Self-Checkout Grocery Shopping

Remember when Little Timmy used to ring up and bag your groceries? Not only would he handle everything, he did it right, not smashing your bread at the bottom of the bag. Now, you have to scan and bag them yourself, trying to avoid crushing your various delicate purchases. And you don’t even get an employee discount for doing all the work yourself. Moreover, it’s hard to write a check to pay for them.

These are issues that speak to people. Do remind them that basket of groceries is way more expensive. Don’t remind them that their checks get processed by those blasted computers, just like the cards.

Speaking of Computers

Why are they so complicated to use and hard to clean? They never work like they’re supposed to, especially when you’re trying to order an iced tea to be delivered from the kitchen to your study. And who decided we should carry them around in our pockets? Phones are supposed to be tethered to the wall. A rant about these tribulations would be both relevant and timely.

Remember Simple, Elegant Pleasures

There was a time we appreciated gathering around a formal table for a meal, enjoying classic things like congealed salads. Now, burgers and fries are considered appropriate. This is just wrong.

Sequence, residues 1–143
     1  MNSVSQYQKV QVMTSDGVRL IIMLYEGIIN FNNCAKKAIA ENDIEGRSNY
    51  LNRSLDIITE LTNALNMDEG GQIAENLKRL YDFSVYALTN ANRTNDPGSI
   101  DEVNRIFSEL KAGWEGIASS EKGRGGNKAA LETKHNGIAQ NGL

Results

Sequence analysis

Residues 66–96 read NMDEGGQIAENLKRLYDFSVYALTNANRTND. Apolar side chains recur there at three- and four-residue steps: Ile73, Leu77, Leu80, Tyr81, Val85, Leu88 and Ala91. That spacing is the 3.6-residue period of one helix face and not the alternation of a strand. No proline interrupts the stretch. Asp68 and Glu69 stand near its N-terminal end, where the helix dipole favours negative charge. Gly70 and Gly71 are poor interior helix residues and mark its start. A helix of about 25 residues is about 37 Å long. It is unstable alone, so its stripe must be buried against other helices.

Much like air travel, modern life should be reminiscent of a time when the rubes weren’t allowed to enjoy the finer things. Remember that Forrest said, “The best thing about visiting the president is the food! Now, since it was all free, and I wasn’t hungry but thirsty, I must’ve drank me 15 Dr. Peppers.” Actually, maybe skip that one. The focus group suggests it might sound supportive of the fast-food feast Trump served Clemson when it won the national championship.

Hill, you may not be in the race—yet—but that doesn’t mean your voice isn’t crucial to success in 2020, whoever’s success it is. The world is waiting to hear what you have to say on a variety of issues, both big and small. Given your ability to connect with voters, it’s incumbent on you, even if you’re not the incumbent, to use it. But you have to embrace your roots.

The way to do so is to be a boomer. Be the biggest boomer you can be. Bring forth memories of happier days, of missile crises, stagflation, and [REDACTED]. As the once-popular poster of the kitten hanging from a wire reminded us, “Hang in there.” (Note: Remember to share that poster on Instagram. Make inspirational messages memes again!) And remember, as Mama Gump said, “You’ve got to put the past behind you before you can move on.”

Actually, maybe “Forrest Gump” isn’t the best lodestar for this new project, but remember, it actually experienced success, so just massage the message as needed. You have our, well, not support, but you do have our encouragement. We’ll be waiting on you to spam us with messages on Facebook after your account gets hacked, again.

Richard Cromwell is a senior contributor to The Federalist. Follow him on Twitter, @rcromwell4.